In these neighborhoods, kids at the age of nine think it’s ‘normal’ to walk in litter-filled streets, see prostitutes on the corners, and gun casings on the ground.  It’s ‘normal’ for a school’s playground to close down because comdoms and used syringes were found.  It’s ‘NORMAL!’  Would this be ‘normal’ in Bexley?  A lot of these girls have gone through more than what a lot of adults have gone through.  They are resiliant.  They may be rough around the edges but once you’ve chipped away, they are smooshy and gracious and humble.  I remember over the summer when ‘Girls in Gear’ was held at the Gladden Community House, I brought in helmets for the girls for our road riding sessions.  Once our sessions were finished, I said, ‘keep them.’  I remember one girl saying, ‘really  we can keep these?’  They were thrilled at having these fun (and chic) helmets that during the other ‘skill-building’ sessions of the program, the girls would wear their helmets.  Simple pleasures.

I keep in touch with a handful of the girls through the ‘Girls in Gear’ facebook page.  I always want to know what they’re doing and how they’re doing.  I’m also working towards getting a handful of them to ride in 2014 Mayor’s Twilight Ride.  I think they would absolutely love it.  I want them to know that I have invested in them.

‘Girls in Gear’ Cycle 3 (c3) had a great addition.  Mike Foley of WCBE, Columbus’ local NPR Station heard me present at Pecha Kucha Columbus about ‘Girls in Gear.’  He reached out to do a story on the program.  This past Wednesday, it was aired on ‘Morning Edition.’  It was so incredible to hear how elegant and bright these young girls were, speaking to Mike.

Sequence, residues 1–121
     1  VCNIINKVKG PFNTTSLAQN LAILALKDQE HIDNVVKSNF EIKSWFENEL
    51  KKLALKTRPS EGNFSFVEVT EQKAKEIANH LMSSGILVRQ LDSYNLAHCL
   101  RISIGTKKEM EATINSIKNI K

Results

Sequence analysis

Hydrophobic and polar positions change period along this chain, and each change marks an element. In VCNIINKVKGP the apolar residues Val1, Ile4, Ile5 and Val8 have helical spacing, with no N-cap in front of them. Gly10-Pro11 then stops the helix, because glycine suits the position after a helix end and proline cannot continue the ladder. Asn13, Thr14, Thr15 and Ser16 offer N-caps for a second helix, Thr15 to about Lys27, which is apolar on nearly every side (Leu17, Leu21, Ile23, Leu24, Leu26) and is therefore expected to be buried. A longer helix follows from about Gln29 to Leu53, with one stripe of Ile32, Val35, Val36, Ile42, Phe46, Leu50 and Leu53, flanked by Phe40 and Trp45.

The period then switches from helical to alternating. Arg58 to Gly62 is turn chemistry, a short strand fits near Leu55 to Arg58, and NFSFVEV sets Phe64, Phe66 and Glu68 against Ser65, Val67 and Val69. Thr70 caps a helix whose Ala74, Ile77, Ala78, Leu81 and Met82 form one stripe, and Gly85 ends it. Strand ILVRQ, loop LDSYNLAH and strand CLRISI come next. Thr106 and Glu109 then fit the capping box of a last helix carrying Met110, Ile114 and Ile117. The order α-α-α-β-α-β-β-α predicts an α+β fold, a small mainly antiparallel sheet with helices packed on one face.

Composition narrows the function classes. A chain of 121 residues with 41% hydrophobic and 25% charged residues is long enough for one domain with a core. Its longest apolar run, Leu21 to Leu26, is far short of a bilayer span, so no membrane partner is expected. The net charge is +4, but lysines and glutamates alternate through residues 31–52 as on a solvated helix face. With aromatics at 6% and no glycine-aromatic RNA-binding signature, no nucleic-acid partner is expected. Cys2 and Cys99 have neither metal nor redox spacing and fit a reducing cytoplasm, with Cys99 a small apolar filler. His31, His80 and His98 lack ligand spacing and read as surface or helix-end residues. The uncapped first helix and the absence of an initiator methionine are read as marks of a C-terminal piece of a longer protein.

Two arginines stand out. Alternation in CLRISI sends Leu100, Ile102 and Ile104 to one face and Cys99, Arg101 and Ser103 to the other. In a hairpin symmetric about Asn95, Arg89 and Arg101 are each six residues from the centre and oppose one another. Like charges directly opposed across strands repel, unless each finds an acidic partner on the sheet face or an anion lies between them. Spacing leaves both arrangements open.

I really look forward to watching ‘Girls in Gear’ blossom into a program that can take place anywhere.  Girls need to feel good about getting their hands dirty.  They need to feel good about their bodies and understand healthy decision-making through nutrtion.  Girls need to feel confident in hearing their voices and hearing their thoughts out loud.  Girls need to feel self-reliant when navigating their neighborhoods and streets and not feel the need to rely on anyone else.

I want to thank:  Mimi Webb (Trek Bicycle), Kelly Martyn (formerly of Green Bean Delivery), Anna Hanley (Roll), Emily Burnett (Paradise Garage), Amanda Golden-Blevins (ACP  Visioning + Planning), and Abby Kravitz (MKSK Design Firm).  ‘Girls in Gear’ wouldn’t be what it is without the trust of these professional women.  Thank you.

Enjoy some photos from GiG C3 at Vaugh-Hairston YMCA

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The ‘Girls in Gear’ Workbook
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Showing that they know hand-signals

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Workbook time!

GiG C3 22They LOVED their Road Riding Sessions!

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Kelly is teaching the girls basic Nutrition Education.  The girls got to sample all types of fruits and vegetables and if you can see the papers on the table, Kelly made vegetable-colored diagrams which explain the benefits of colors for fruits and vegetables!